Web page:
With Shark Week now over on Discovery Channel, I’d like to draw your attention to the reality of sharks.
If you’re a fan of Shark Week, you may want to reconsider WHY that is. NPR recently criticized the highly popular program, calling it a “B-movie-style blend of fiction, bad acting, a few facts and potential injuries to sharks”. An interviewed shark researcher lamented that while Shark Week used to feature real science and research about sharks and attempted to redeem their “man-eater” reputation, it is now quite the opposite, as researchers “under flimsy scientific premises” bait sharks in order to get “sweet footage of sharks biting stuff”.
Anyone who knows anything about sharks knows that they are typically harmless animals that don’t associate humans with food and very VERY rarely attack humans. In fact, shark attacks injure about 75 people per year with only 5 fatalities. To put this in perspective, you have a fantastically better chance of winning the lottery than you do of getting injured by a shark.
Unfortunately, Shark Week is now full of shows (both real and fictitious) in which baited sharks are made to attack (and break their teeth on) metal cameras and cages. Not only does this shark baiting often injure the shark needlessly, but it can cause the shark to associate the bait with humans and therefore make them more likely to attack humans in the future.
In related news from earlier this summer, the hype about shark attacks has caused the Australian government to actually cull sharks from its waters! “The scheme, which was part of the state’s $20 million shark mitigation policy, allowed for tiger, bull and great white sharks measuring longer than 10 feet (3 meters) hooked on the drum lines to be destroyed.”
Not only did this “successful” cull fail to catch any Great Whites (the shark most known for attacking humans), but “of the 172 sharks that were caught on the drum line, the majority were tiger sharks which haven’t been involved in shark fatalities for decades in Western Australia”. Plus, more than 70% of the sharks caught were not large enough to be a threat. Authorities claim that the cull restored confidence in beachgoers, but at what cost?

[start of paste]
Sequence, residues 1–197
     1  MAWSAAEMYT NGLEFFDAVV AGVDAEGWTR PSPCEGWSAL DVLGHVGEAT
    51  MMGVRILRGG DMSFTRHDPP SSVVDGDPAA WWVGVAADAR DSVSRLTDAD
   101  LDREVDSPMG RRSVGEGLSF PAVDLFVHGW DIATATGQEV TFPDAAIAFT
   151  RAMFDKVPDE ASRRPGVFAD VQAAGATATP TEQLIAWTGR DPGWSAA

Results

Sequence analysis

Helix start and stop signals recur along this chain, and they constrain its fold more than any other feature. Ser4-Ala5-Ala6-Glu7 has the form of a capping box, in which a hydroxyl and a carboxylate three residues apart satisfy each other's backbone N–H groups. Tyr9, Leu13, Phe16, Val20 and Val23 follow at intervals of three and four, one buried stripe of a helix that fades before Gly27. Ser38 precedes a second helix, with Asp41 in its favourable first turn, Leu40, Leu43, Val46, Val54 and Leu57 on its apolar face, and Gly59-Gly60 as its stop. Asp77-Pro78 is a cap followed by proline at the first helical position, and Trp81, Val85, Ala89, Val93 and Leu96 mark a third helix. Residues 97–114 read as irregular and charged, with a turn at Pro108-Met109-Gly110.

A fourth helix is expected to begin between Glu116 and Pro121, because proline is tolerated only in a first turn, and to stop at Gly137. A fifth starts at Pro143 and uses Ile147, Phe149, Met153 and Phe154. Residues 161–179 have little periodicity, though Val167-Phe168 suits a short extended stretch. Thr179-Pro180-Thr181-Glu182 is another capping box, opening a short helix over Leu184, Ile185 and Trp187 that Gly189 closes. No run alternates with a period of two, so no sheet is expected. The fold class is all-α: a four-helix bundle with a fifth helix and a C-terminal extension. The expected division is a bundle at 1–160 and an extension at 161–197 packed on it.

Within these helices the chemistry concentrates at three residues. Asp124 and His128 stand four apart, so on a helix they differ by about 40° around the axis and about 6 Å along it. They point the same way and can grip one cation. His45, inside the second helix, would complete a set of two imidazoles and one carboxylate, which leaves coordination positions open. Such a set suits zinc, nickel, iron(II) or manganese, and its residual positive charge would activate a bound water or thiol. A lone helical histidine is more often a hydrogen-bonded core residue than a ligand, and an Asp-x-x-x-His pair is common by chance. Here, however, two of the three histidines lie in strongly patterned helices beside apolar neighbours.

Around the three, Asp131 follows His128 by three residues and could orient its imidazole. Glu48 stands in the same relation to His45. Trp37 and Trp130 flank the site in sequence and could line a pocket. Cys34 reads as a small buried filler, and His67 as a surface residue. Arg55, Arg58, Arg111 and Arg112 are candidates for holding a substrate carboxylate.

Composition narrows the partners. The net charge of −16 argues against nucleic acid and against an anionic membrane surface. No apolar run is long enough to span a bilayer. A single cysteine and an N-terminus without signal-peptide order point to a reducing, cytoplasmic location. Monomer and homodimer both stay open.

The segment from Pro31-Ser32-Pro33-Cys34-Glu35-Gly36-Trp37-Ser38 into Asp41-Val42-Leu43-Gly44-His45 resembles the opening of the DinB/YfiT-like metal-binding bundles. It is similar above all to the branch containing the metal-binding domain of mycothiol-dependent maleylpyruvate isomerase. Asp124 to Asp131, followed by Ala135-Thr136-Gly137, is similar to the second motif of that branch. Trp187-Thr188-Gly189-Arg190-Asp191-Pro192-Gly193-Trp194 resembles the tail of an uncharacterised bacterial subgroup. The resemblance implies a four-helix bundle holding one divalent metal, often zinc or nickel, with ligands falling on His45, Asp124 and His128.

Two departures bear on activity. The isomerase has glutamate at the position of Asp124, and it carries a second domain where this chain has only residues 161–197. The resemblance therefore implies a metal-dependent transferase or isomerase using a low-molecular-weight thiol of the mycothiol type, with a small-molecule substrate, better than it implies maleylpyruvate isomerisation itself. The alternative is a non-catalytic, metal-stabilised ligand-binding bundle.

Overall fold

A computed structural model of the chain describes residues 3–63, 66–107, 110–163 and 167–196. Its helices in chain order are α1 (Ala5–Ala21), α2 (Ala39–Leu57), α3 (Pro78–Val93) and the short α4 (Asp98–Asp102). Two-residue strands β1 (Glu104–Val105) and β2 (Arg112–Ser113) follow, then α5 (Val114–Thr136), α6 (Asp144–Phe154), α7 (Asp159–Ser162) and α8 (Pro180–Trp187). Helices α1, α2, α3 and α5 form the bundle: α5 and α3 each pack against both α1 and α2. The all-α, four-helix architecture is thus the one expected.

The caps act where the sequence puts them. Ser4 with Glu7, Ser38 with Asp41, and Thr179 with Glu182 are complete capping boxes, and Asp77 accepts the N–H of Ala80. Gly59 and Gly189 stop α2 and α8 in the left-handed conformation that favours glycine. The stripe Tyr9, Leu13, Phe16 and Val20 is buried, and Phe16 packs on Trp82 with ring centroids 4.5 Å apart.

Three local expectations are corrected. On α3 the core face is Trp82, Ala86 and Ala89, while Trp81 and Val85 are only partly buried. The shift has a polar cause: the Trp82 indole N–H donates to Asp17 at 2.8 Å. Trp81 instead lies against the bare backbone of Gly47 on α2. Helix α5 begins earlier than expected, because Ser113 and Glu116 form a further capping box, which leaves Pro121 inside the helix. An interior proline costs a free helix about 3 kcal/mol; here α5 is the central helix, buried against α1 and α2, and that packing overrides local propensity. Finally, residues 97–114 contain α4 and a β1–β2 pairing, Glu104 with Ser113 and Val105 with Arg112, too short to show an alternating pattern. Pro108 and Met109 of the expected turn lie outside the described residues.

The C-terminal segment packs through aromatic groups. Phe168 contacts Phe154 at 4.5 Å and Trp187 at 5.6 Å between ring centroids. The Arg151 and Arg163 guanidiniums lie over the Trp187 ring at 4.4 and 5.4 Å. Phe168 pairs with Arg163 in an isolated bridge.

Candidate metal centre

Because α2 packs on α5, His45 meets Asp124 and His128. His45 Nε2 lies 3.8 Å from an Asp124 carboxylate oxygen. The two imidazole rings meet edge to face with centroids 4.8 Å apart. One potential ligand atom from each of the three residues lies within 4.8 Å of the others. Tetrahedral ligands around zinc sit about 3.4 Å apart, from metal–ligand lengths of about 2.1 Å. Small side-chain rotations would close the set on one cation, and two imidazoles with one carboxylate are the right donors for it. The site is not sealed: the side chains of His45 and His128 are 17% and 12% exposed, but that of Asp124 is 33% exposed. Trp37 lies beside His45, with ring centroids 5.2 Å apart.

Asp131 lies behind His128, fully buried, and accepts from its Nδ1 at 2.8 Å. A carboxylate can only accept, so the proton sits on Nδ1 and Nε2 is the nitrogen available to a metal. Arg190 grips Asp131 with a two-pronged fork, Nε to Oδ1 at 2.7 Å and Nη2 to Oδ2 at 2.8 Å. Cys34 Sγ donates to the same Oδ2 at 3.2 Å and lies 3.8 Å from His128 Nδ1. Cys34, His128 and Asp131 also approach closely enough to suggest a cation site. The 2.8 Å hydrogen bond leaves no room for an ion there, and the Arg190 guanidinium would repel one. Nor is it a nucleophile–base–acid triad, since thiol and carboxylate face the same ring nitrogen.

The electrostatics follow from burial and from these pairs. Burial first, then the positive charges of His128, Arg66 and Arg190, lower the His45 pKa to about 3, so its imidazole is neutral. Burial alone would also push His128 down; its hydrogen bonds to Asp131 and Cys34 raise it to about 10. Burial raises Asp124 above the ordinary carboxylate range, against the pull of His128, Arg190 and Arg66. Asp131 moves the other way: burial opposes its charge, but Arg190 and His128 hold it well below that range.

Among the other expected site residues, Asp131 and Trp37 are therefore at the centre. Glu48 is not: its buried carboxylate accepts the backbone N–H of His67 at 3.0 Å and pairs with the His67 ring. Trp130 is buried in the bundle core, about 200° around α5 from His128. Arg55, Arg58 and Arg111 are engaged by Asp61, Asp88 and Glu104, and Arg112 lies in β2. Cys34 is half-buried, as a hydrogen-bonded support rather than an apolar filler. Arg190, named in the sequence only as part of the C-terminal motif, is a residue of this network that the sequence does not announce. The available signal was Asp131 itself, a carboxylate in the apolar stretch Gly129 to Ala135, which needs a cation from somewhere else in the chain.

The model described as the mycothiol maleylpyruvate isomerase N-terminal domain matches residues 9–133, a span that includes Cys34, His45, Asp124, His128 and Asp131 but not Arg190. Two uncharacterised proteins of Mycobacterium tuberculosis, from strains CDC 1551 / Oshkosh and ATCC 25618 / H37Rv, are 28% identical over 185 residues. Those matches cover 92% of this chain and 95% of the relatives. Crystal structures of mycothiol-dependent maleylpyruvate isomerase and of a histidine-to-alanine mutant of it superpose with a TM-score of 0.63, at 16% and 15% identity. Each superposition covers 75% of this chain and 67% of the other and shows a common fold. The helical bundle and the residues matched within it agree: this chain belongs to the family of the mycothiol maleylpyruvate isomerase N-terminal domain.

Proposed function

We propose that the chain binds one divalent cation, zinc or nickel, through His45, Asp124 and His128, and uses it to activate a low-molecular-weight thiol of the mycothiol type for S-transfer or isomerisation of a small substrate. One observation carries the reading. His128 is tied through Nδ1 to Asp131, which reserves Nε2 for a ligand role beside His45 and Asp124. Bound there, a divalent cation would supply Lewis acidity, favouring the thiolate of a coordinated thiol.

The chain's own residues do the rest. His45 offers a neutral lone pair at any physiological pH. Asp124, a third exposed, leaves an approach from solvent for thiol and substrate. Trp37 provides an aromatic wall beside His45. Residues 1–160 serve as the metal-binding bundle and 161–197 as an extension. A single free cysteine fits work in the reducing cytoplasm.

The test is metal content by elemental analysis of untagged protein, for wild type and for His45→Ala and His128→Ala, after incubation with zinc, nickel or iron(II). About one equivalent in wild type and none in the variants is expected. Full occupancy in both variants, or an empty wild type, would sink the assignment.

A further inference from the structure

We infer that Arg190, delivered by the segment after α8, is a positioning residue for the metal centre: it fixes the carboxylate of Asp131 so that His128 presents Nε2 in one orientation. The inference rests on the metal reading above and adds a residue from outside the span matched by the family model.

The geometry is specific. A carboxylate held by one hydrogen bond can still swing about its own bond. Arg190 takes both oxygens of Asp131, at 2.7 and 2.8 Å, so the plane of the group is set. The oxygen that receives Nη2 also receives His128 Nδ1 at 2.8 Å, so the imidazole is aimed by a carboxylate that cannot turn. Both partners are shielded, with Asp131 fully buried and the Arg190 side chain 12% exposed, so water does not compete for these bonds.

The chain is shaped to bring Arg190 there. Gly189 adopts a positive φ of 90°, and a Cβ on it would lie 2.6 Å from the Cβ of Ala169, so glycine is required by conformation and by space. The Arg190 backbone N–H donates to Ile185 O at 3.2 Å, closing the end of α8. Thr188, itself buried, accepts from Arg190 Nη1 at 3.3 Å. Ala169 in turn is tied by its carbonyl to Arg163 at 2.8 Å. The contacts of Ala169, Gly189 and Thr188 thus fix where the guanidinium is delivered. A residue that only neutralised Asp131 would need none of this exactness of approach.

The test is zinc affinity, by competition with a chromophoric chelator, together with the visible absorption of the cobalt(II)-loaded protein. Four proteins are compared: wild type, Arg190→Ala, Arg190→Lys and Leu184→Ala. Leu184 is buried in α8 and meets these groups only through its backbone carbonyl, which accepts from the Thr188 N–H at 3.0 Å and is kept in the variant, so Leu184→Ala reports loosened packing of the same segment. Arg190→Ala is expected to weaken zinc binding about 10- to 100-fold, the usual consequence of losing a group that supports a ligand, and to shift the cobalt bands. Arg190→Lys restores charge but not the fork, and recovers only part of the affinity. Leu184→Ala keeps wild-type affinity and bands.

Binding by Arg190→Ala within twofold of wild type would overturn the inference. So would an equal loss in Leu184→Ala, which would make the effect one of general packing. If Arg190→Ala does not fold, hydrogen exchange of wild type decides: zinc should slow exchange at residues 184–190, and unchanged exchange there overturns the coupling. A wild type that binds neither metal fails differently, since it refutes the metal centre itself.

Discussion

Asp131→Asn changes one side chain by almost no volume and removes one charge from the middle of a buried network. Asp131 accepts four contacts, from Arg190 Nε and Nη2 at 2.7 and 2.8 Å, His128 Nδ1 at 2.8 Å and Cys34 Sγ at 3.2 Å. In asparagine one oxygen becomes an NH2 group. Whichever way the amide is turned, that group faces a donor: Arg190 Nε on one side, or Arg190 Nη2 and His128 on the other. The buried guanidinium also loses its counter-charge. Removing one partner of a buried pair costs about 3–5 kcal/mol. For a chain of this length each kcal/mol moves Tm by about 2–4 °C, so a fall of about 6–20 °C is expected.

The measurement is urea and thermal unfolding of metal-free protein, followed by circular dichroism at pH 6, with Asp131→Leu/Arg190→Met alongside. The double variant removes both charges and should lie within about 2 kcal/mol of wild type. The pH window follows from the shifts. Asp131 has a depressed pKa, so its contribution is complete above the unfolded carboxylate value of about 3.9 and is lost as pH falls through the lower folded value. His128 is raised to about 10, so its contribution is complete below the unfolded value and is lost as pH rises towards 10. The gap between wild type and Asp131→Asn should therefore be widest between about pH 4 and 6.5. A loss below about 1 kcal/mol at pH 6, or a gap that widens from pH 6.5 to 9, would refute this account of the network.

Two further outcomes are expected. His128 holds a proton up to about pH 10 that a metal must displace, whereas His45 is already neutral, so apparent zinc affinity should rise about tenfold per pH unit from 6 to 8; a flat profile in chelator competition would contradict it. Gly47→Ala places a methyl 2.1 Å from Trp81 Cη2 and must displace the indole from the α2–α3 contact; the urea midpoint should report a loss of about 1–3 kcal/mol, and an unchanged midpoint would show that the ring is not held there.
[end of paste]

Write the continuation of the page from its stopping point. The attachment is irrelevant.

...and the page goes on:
One of the worst threats to sharks is shark fin soup. “About 75m-100m sharks are thought to be killed each year for their fins, which are prized in Chinese culture for making the gelatinous yellow soup. The sharks are caught, their fins are sliced off and they are often thrown back into the ocean, where they die a slow death”. “The mass slaughter has led to some shark populations declining by up to 98% in the last 15 years, and nearly one third of all ocean-going sharks are now on the internationally recognised red list of threatened species.”
On the bright side, the revulsion and outcry of the West has caused China to crack down on corruption and extravagant consumption. Many restaurants in China have taken the soup off the menu. Popular basketball star Yao Ming started a campaign that is said to have helped reduce consumption of shark fin soup and contributed to the government’s decision to formally ban the soup from state banquets along with other wild animal products. Global efforts have contributed to the establishment of several shark sanctuaries around the world and increased China’s focus on the environment as a whole.
Why is it important to save sharks? Why should we care that human activity is fast depleting shark populations beyond repair? For the most part, it’s to save our own skins. “Predatory sharks prey on the sick and the weak members of their prey populations, and some also scavenge the sea floor to feed on dead carcasses. By removing the sick and the weak, they prevent the spread of disease and prevent outbreaks that could be devastating. Preying on the weakest individuals also strengthens the gene pools of the prey species. Since the largest, strongest, and healthiest fish generally reproduce in greater numbers, the outcome is larger numbers of healthier fish.” What this means is, sharks keep fish populations strong and healthy so that we can continue to fish. When people continue to fish, people continue to eat and make a living.
Get involved in your community’s environmental groups. Anything you’re doing to live a sustainable lifestyle is better than nothing.
Talk about it. Instead of talking about the weather or Rihanna’s new hairdo, why not discuss what a non-threat sharks are to humans? The more people realize this, the less stigma there will be about sharks at your local beach.
Boycott Shark Week and tell people why. Discovery Channel generates billions of dollars in revenue by making sharks look like man-eating monsters, creating fear and misunderstanding about sharks.